Never Trust the Hype

Never Trust the Hype

Hi, AI (Germany, 2019) is a cinematic reflection about the nature of consciousness, our very human need for connection, and our exchanges with robotic entities and artificial intelligence. Director Isa Willinger describes her film as a sciencefiction documentary, and that’s fitting—but it’s also an easy way out. As a researcher and tech enthusiast, I’m interested in the presentation of new technologies. How are they being introduced? What’s the elevator pitch? What’s the popular reaction? And how much money was invested in the storytelling aspect of marketing it? We live in a capitalist world, and little research is done for mere curiosity. 



Brecht wrote in the 1920s that a picture of a Krupp plant can’t show how Krupp functions as an enterprise. Back then, you could point the camera at machines and laborers. You’d have something interesting to analyze. If we want to show our service-oriented information society in a film, we have to show people on computers. That isn’t exactly entertainment. Good that we have fancy robots around. 

Hi, AI is observational. It presents a glimpse of the coming age of robots. The film shows hardware and how we, as humans, react to that hardware. Mechanisms, the truly important aspects behind the cute little robots, avoid displayability and thereby avoid critique. We see what we want to see.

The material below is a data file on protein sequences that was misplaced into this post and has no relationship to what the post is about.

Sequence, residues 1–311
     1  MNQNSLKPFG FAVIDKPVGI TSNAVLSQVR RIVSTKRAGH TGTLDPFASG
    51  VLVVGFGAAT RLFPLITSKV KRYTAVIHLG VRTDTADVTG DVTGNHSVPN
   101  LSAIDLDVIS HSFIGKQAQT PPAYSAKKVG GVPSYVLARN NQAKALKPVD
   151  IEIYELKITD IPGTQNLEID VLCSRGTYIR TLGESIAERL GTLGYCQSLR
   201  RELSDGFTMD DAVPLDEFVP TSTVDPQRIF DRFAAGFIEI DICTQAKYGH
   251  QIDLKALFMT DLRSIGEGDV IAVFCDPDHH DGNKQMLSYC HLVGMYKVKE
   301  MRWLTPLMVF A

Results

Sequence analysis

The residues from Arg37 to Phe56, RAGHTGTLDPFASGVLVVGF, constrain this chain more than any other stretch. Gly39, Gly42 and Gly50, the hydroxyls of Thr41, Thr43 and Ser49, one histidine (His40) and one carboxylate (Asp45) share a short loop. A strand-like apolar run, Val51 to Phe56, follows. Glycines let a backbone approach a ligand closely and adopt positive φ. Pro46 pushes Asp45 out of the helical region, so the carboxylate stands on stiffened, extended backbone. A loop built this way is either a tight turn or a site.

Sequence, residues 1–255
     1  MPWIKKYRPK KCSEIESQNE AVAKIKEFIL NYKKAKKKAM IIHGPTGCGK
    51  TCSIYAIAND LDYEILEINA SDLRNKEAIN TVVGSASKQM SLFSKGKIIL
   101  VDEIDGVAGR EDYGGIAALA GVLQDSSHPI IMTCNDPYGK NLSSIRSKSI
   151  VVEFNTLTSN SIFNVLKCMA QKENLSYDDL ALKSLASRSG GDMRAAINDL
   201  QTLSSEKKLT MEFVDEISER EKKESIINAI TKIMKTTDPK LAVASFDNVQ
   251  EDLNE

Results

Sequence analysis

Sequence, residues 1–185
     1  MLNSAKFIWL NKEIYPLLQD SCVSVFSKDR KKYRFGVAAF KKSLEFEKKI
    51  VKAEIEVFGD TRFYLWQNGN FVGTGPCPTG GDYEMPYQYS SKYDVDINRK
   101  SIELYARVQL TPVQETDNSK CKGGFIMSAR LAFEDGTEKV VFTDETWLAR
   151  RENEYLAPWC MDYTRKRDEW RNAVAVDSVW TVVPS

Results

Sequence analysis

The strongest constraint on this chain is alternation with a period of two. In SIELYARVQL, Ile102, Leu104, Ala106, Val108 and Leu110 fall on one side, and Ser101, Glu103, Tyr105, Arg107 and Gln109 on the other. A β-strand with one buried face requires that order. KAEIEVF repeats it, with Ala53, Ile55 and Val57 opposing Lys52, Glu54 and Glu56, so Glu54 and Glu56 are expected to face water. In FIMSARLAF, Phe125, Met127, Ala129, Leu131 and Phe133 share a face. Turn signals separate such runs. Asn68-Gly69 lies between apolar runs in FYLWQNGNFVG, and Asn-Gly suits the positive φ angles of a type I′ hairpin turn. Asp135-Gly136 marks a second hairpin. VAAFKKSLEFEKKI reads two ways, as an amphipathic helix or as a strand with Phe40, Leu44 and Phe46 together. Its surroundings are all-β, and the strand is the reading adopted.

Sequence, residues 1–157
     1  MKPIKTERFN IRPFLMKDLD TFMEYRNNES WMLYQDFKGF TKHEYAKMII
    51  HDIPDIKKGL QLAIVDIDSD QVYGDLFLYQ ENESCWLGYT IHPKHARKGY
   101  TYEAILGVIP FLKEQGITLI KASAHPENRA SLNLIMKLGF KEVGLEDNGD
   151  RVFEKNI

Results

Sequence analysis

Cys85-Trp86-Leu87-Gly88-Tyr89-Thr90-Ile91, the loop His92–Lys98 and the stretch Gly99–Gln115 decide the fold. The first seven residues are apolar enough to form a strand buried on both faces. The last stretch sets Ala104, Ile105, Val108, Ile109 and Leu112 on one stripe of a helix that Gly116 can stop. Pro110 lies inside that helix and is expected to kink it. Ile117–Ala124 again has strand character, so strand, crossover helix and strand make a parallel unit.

Technologies, be they power drills or talking robots, are tools. They are objects. We can’t assume that they’re anything more. We have to remind ourselves that specific use is never inherent to an object, even though technical demagogues like to claim such use is. It’s a hard task to find out what technology is and what it should do if you don’t have a clue about the context. 

Take a prehistoric artifact and describe what its use was. Usually, use is connected with an object through definition, such as instructions for use. But science and technology studies, especially by Langdon Winner and Bruno Latour, have convincingly demonstrated our inability to understand technological artifacts as fabricated objects and cultural phenomena derives from the fact that only those technologies that prove functional are preserved. We see them in retrospect. However, the perception of what is functional, successful, and useful is the product of social, cultural, political, and economic processes. 

Technologist Elon Musk is a fundamental critic of AI. He said, “With artificial intelligence, we are summoning the demon. You know all those stories where there’s the guy with the pentagram and the holy water and he’s like… (wink) yeah, he’s sure he can control the demon… doesn’t work out.” 

Musk’s approach is very different from the one the director of Hi, AI chose, but it’s equally flawed. They both present robots as stars, but robots aren’t. They aren’t gods, they aren’t fairies, they aren’t demons, and they aren’t our silicon children. In reality, robots and AI are still nothing more than effective power drills. Don’t let yourself be tricked into assuming more.

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